As I was reading Catcher In The Rye some years back, I remember thinking only a sociopath could begin to relate to it. When I finished it, I realized that at the time it was published, psychological narration was a new storytelling device for drama and it was written like that for a reason. It had one genius paragraph in it that finally connected the reader to Caufield and the story (the allegory of the rye field, and the only explanation as to the title) and that lifted it up and made it a classic to some, rather than a study in banal sociopathy, and created a new genre of hardboiled socio- and psychopathically narrated books that exists to this day-but it was that paragraph that bound all reader perspectives into one and made it relatable. Of course, most English professors would argue me on those points.
     I bring that analogy up because gay literature has existed for years, but mainly as quick fix pulpy and lurid romance or porno, with only a few outstanding novels coming out of it, and most of those-only recently, and mainly because of the changing publishing model. Second Chances has moments in which it transcends its genre, and begins to look outside of it for a new one, before falling back into it. It has enough of those moments that I can see how Tom's future novels can possibly leap fully outside of it into a newer and more modern fusion of dramatic gay literature. My conundrum was exampled in that I was reading good literature that was chained to those pulpy roots. To be honest, had Tom not been the author, I never would have read it, and I would have missed out on a small gem masquerading as an unbearable (to a straight guy) hot mess of gay.
     Any book that churns and provokes these kind of turns for me is worthy of a perusing. I would offer this novel to any straight male who may wish an uncomfortable and new perspective, any female that gets all randy and curious at the same time about the other side of male, any gay friend that may just find a haunting new voice for themselves, and anyone who is touched by romantic tragedy and the need for a second chance. Also, all homophobes-just stay away-you have enough on your plate from the current election without any further strains on your sensibilities.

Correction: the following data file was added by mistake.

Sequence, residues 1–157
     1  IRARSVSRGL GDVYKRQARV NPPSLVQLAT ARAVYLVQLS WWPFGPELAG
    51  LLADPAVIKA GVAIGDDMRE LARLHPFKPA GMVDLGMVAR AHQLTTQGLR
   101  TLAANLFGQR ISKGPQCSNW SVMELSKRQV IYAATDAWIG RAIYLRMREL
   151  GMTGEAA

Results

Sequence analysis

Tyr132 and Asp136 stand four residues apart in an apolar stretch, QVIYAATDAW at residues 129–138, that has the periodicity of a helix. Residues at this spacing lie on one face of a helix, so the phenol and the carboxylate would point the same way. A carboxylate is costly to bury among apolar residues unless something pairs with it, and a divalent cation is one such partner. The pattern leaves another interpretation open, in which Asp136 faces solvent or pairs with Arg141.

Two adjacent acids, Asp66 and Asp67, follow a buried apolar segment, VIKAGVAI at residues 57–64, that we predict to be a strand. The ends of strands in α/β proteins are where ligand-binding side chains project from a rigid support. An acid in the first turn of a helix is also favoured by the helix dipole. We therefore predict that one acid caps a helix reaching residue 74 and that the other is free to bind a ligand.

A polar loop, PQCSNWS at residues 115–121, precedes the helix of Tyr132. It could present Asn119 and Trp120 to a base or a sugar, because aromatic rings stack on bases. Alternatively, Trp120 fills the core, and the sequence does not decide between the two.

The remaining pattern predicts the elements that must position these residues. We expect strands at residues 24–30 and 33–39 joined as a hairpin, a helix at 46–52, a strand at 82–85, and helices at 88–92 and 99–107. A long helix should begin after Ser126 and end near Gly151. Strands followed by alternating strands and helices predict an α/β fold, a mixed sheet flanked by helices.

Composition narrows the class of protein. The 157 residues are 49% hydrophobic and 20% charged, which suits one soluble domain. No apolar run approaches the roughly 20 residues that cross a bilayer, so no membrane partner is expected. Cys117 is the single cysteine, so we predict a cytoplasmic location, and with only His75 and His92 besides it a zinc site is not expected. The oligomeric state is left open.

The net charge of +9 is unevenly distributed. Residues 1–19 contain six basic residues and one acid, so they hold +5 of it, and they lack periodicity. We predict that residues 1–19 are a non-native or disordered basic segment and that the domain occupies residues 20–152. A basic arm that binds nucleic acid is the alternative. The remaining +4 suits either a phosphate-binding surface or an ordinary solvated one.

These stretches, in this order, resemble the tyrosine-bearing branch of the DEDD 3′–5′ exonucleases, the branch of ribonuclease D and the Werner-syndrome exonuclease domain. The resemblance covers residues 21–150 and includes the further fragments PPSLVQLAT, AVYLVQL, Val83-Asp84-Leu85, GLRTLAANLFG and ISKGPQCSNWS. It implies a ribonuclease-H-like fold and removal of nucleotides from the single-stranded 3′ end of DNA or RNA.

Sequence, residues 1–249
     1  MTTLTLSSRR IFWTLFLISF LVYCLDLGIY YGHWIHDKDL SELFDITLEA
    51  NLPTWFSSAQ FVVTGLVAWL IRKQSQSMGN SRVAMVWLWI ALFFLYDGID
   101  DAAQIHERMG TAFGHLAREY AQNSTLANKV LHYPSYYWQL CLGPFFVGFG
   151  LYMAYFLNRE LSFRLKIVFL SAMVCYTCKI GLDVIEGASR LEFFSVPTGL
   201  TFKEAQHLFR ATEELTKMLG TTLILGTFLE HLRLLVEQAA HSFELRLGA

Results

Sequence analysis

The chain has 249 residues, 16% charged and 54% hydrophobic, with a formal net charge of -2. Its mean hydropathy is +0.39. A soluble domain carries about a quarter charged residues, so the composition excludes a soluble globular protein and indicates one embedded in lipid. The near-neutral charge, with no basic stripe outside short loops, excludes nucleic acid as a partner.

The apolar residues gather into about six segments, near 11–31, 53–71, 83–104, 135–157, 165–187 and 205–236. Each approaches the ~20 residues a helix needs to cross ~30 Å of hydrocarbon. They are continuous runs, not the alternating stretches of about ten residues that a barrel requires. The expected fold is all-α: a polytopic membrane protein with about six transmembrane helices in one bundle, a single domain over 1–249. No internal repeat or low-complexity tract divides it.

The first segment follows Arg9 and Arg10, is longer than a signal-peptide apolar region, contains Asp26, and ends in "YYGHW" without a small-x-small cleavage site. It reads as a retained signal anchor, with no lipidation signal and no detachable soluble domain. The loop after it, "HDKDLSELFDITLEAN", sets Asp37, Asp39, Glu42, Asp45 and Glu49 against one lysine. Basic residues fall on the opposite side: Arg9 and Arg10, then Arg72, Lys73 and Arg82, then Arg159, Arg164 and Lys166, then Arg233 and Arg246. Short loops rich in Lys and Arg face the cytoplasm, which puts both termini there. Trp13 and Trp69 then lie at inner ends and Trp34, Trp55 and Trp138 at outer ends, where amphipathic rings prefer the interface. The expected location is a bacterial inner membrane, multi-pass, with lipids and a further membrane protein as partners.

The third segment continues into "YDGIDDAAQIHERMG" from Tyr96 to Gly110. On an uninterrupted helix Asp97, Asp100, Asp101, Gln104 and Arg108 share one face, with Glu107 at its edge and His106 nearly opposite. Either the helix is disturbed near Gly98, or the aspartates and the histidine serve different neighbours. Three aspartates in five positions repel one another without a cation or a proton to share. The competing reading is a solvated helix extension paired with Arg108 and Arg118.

Tuesday, November 6, 2012

On Mother's Hands And Kitten Paws

     Today I awoke to petulant memories from a sleep of troublesome dreams, and music from their cellar still haunts while I brew strong coffee. A more cerebral person than myself has led me through the alleyways of thought from post traumatic stress and cautioned me of the dark corners, but on occasion, I walk through them and stumble out safe. I sit by my kitchen window with my keyboard and sort them by size and depth, and I drink hazelnut and rub my dog’s ear while I ground myself and organize the intangibly tangible. He offers me himself while the memories line up and start a march.

      I remember kitten paws and little furry bodies my wife and I hand nursed. Early in our marriage, we took in dozens of rescues from problem litters and for every one we saved, we lost three. Several of them were needy warriors and would crawl all around our hands while nursing, clutching with those little paws and hanging on to that bottle and life until they were big enough to feed themselves. We were mom and dad and those paws worked their way into our hearts, and we kept those three-Magic, Flea, and Juan-who were soon joined by another rescue kitty-Ferret-and two rescued dogs, Penny, and Murdock-who was blind.

      We had the dogs in the house, so our enclosed two car garage became our cats’ home and security blanket. Our entire house was full of love and licks and kisses and paws that seemed to know every place they could curl up on in our souls. Over the space of twenty well-lived years, each of them, feline and canine alike, grew old and eventually, ill. Each clung as stubbornly to life as Juan had on that first bottle, and I fought every battle with them until the paws that were placed in my hands when they were born were again placed into mine at the end, when one by one, their mighty hearts fell silent.

      The first to leave was Flea. We placed a rose bush atop his grave that would bloom every late autumn and produce a single multicolored orgasm of flower. Just for us, we thought. Murdock was buried at my parent’s house among the multitude of animal friends from my first two decades of life, and Penny was cremated, with his ashes saved to be placed with me in my coffin. All of the others are interred together by the edge of the woods in our backyard, and at dawn I imagine I hear little paws prowling through the trees. I listen to them with a heart both empty and full in the same beat. Our later rescues sit at my feet and also listen, and they glow in the morning light.